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Everything Alyce: 'A Court Of Thorns and Roses' (A Court of Thorns and Roses #1) by Sarah J. Maas - SPOILER FREE REVIEW

Monday, 4 May 2015

'A Court Of Thorns and Roses' (A Court of Thorns and Roses #1) by Sarah J. Maas - SPOILER FREE REVIEW


First things first, I need to say a huge thank you to Bloomsbury Publishing UK for accepting my request to view this title on NetGalley, and to NetGalley for the service that they provide. 

"One of the High Fae could turn your bones to dust from a hundred yards away."

To start this review, I'm going to make an utterly shameful confession - I hadn't read a Sarah J. Maas book before this one. Yes, I know, 'Throne of Glass' is one of the most popular series from the past few years, and I'm really REALLY late on the bandwagon, but it's something I'm going to work on. However, because I'd seen such amazing reviews about Sarah J. Maas's writing, I decided to read this book anyway, and it was one of the best decisions of my life.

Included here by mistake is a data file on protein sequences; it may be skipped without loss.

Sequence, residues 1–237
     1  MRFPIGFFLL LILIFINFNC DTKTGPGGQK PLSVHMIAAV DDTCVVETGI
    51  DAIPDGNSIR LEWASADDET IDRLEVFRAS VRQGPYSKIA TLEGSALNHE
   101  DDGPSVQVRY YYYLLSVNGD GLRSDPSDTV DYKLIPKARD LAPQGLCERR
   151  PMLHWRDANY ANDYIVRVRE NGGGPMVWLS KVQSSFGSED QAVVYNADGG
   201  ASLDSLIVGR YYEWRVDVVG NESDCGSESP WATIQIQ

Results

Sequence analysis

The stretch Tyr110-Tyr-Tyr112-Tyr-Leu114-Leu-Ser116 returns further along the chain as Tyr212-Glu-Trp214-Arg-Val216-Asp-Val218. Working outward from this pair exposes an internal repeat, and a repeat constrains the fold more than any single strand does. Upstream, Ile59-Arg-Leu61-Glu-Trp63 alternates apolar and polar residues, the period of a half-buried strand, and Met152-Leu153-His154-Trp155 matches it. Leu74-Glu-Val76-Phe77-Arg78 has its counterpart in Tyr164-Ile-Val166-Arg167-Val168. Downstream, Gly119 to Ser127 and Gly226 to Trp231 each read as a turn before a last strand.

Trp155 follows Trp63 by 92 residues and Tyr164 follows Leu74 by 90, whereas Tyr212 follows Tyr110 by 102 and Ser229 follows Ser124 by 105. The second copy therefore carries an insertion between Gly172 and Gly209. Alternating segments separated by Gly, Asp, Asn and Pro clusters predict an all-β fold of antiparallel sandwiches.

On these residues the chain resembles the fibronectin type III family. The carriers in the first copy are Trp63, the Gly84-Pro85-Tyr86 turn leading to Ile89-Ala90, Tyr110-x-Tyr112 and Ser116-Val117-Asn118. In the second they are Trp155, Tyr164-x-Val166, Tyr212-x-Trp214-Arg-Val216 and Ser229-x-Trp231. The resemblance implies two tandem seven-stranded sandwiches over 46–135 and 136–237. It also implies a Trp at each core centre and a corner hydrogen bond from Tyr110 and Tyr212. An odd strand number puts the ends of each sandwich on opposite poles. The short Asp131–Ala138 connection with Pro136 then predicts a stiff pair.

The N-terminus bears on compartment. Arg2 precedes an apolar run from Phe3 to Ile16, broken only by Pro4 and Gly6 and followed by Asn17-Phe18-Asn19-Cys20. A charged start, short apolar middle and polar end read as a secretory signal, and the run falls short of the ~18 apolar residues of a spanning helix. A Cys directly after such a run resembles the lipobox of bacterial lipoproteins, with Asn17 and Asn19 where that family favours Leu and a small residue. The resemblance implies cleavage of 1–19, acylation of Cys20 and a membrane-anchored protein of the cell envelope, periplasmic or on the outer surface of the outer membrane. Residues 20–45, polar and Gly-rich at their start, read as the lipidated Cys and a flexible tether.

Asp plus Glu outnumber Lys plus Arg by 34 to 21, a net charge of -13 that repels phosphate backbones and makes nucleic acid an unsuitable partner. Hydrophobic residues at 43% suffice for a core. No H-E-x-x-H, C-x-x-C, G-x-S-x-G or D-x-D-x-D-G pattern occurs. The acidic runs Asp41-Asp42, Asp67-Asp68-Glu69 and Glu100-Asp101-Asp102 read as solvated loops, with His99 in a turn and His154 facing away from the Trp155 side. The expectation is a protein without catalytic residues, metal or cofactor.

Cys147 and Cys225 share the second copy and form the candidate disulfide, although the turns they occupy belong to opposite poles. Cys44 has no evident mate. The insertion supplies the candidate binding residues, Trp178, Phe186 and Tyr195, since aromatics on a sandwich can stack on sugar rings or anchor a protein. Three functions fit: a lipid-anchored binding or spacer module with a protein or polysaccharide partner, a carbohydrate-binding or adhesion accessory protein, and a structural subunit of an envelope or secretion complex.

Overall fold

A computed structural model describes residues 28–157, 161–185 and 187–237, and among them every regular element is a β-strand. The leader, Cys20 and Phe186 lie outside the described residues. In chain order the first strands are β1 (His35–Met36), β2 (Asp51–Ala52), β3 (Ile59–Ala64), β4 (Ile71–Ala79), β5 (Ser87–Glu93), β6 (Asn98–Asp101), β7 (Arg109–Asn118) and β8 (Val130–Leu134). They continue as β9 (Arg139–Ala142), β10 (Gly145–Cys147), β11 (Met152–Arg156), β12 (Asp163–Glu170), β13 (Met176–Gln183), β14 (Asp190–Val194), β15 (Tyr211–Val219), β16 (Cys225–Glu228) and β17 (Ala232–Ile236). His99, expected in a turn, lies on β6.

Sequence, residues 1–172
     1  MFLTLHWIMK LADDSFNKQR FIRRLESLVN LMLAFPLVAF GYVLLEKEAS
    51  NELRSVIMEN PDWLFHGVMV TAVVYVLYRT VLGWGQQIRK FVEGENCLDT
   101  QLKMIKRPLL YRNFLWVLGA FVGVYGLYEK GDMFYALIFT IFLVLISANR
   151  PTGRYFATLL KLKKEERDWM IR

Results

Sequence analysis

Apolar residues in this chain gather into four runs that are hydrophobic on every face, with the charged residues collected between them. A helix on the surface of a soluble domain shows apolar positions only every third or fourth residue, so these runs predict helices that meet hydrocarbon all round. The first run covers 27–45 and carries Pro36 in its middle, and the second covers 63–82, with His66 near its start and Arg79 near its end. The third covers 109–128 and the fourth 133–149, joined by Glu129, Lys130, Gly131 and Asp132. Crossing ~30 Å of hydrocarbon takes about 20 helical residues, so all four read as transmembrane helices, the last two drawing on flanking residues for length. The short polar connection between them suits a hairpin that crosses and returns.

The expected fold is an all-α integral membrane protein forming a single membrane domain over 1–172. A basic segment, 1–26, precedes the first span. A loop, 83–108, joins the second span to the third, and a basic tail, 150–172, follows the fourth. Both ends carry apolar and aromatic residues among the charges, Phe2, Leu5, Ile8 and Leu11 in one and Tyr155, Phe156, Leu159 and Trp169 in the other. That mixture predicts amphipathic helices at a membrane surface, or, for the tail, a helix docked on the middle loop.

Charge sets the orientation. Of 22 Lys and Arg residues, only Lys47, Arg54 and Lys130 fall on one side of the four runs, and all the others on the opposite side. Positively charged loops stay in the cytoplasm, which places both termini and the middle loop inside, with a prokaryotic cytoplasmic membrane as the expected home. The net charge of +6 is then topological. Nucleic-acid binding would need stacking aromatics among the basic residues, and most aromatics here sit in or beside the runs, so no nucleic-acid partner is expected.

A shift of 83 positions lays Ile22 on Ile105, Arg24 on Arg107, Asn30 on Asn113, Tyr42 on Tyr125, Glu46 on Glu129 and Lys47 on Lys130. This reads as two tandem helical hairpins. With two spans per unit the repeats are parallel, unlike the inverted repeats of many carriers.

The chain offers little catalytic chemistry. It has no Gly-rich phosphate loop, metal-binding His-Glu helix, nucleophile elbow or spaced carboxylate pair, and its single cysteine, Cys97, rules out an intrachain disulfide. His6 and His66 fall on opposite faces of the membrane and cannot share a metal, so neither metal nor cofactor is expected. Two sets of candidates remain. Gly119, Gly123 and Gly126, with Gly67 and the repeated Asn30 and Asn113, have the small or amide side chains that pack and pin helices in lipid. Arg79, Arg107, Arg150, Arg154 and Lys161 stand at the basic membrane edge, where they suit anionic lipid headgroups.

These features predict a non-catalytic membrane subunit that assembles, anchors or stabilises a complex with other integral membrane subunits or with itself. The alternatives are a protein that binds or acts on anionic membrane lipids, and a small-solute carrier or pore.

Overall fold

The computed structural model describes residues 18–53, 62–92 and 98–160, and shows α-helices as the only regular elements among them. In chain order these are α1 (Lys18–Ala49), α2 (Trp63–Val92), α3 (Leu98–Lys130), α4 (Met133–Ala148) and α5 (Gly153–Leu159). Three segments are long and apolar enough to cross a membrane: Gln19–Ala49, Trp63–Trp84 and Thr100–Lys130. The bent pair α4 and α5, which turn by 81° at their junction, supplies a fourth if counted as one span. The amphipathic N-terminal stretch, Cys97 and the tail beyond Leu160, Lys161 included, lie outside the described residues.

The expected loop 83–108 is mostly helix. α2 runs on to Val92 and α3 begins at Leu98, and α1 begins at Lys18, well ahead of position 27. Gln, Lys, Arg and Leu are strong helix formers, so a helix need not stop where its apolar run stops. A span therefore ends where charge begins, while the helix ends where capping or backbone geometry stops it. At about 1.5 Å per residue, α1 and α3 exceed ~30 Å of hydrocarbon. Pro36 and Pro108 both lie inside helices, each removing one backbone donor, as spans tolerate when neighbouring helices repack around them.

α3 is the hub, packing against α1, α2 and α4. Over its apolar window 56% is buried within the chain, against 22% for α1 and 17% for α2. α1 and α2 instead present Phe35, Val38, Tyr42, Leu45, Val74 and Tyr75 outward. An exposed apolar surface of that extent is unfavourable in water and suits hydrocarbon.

Feyre has been hunting for her family for years, following the loss of their fortune: the only one of the three sisters willing to get her hands dirty and do a hard day's work. When she kills a faerie glamoured as a wolf while out one day, she's dismayed when a golden beast bursts into their tiny cabin, claiming that she's broken the ancient Treaty between humans and Fae, and she can choose between death or returning with him to his home in the magical realm of Prythian. Not too surprisingly, Feyre chooses Prythian - otherwise, this would have been a pretty short story!
Understandably, Feyre is distraught by this chain of events, and very quickly starts plotting ways to get home, eager to return to her family. Shortly before the death of her mother, Feyre promised her that she would always look after her sisters, Elain and Nesta, so she feels untethered without that purpose in her life. As she realises escape is impossible, she starts to settle in at the manor house of the High Lord of the Spring Court, but as it becomes obvious that all is not well in Prythian, and Feyre needs to get to the bottom of it...